Why does your leadership brand matter more now than ever? In order to answer that question we need to first examine the context of the current workforce marketplace.

Because we’re in the midst of a once-in-a-generation economy-wide disruption, today’s leaders are faced with the challenge of how to re-engage their workforces — workforces who come back to their workplaces (real or virtual) with a different world view than they had before the pandemic began.

​When we look at workforce data across the U.S., we’re seeing a seismic reshuffling. ​Quit rates have never been higher in the last decade — a trend that’s happening across lower wage roles as well as professional types of roles — while at the same time, job openings are at all-time highs across the economy. ​

As Global Workforce Advisors, we’ve identified a strong underlying driver of what we’re seeing beneath the surface of the data. It’s more of a “Great Reawakening.” Individuals who have been through a major collective life event and have been impacted in a myriad of ways, from loved ones lost to the pandemic to working remotely while trying to manage childcare, are rethinking their priorities​.

We’re entering the age of the empowered employee. These are employees who have a choice about where they work. At the heart of it, employees are seeking a stronger sense of belonging in their organizations. As such, leaders need to acknowledge this shift in mindsets and meet their employees there with a more holistic approach to engagement and retention that creates a trusting, supportive environment in which people can thrive — and ultimately feel compelled to stay put.

Is there a business case for this? Take your pick. Gallup’s research that shows the cost of replacing an individual employee can range from 1.5 to two times the employee’s annual salary — and that’s a conservative estimate. ​Attrition is expensive; this isn’t new information. In the face of an unprecedented talent shortage, every retained employee is worth their weight in gold in terms of minimizing the ripple effect across the organization. For example, according to Glassdoor, we know that it takes as long as eight months to get a new employee up to full productivity, and the drain on internal resources to cover the gap is taxing.

The good news, according to Harvard Business Review, is that employees who are aligned around the organizational mission and feel comfortable contributing their ideas (i.e., employees with a sense of belonging) are 50 percent more likely to stay. Today’s leaders have an opportunity and expectation to engage with their workforce in new ways.

With the long-overdue focus on diversity, equity, inclusion and belonging (DEIB), on an individual level, Amy Edmondson’s work on psychological safety takes on even more relevance. It’s an important concept directly related to inclusion and belonging. She states, “Psychological safety — the belief that one can speak up without risk of punishment or humiliation — has been well established as a critical driver of high-quality decision making, healthy group dynamics and interpersonal relationships, greater innovation, and more effective execution in organizations.”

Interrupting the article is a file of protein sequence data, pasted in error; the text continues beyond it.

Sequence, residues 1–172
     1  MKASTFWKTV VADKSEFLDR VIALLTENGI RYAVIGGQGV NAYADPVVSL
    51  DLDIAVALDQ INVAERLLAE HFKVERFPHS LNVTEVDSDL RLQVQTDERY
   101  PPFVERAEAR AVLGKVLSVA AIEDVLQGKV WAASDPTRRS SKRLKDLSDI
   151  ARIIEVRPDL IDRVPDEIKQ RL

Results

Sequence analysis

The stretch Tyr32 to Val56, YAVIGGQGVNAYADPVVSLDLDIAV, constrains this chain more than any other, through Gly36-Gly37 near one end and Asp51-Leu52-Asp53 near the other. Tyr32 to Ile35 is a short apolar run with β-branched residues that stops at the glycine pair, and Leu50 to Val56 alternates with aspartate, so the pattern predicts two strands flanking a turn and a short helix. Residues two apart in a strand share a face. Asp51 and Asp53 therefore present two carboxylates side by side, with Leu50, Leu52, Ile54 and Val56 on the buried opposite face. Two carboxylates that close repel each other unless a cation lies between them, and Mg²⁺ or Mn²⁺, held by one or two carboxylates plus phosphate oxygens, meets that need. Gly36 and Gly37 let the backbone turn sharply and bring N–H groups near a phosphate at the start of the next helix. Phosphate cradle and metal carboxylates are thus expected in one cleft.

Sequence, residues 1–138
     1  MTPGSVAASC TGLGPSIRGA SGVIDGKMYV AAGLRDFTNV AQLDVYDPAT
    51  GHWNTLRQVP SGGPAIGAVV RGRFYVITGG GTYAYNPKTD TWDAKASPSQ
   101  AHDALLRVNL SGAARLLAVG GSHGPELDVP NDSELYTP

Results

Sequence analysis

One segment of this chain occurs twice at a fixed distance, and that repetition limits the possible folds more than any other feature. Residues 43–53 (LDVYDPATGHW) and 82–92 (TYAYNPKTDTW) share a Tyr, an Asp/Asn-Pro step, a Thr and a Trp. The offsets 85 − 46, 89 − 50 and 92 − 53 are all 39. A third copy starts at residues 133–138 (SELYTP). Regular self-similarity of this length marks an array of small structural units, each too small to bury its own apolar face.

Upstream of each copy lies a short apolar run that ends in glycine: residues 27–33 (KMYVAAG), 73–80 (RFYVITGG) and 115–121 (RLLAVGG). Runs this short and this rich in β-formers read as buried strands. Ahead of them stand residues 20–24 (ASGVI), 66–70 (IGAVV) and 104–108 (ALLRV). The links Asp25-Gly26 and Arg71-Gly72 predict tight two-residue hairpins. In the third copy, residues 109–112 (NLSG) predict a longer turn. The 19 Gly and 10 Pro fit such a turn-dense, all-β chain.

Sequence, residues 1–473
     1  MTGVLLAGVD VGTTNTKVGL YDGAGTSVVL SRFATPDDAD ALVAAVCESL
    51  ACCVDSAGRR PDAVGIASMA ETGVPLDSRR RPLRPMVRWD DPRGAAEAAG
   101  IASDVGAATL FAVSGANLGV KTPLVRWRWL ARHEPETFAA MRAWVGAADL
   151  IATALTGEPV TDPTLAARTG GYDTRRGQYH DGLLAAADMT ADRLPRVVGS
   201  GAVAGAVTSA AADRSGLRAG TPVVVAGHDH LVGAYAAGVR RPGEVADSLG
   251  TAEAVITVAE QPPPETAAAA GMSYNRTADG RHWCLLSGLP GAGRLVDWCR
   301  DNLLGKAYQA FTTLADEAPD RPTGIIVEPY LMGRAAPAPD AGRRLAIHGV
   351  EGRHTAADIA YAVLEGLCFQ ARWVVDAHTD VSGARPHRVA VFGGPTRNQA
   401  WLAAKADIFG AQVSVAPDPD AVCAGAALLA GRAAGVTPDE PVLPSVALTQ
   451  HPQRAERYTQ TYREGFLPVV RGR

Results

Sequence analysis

We’ve always believed that leaders need to define their leadership brand to articulate their value to the organization and investment in their people. This transparency allows the team the opportunity to align with and deliver on the mission. As we circle back to our assertion that Your Leadership Brand MATTERS in the War for Talent, we’re ready to answer the question: How do you develop your leadership brand?

As we outline the steps to developing your leadership brand, we include ideas from culture expert, D. Mark Schumann:

  • Within the context of your current business environment and strategic objectives, define your goals — e.g., the CFO who capitalizes on opportunities that maximize profits.
  • Clarify who you are as a leader — that is, clarifying for what it is that you want to be known or what you want your legacy to be e.g., being the CFO who maximizes while making it easier on employees to streamline and simplify operations.
  • Examine your audience (employees, customers, investors, the organization) to ensure your focus is on how you bring value — e.g., the CFO who maximizes profits and streamlines operations, making it easier on employees to drive the top to the bottom line.
  • Articulate your message, testing it with your board of advisors as a way to ensure that you can bring it to life, shaping what people experience at work — e.g., asking your truth-tellers the value you provide for them and how they would describe you to validate your positioning.
  • Share your clear vision for the future, acknowledging and investing in the culture you want to lead, and how that can empower and enable people to do their best work. Because this concept is more than words, to help it come to life, how would you respond to these questions that demonstrate if your actions are supporting your words: How clearly are you sharing your vision? In other words, can everyone in the organization share it if asked, in easy-to-explain terms with examples of what it looks like in practice? What specific steps are you taking to foster trust in your organization? For instance, what are you doing to role-model that mistakes and failure are opportunities for learning? And how are you being real and vulnerable?
  • Be accountable, holding yourself and members of your organization responsible for driving a sense of inclusion and belonging — underlying factors in engagement.

Data show that there’s no more important time to practice authentic leadership than now. What will you do to bring your leadership brand to life?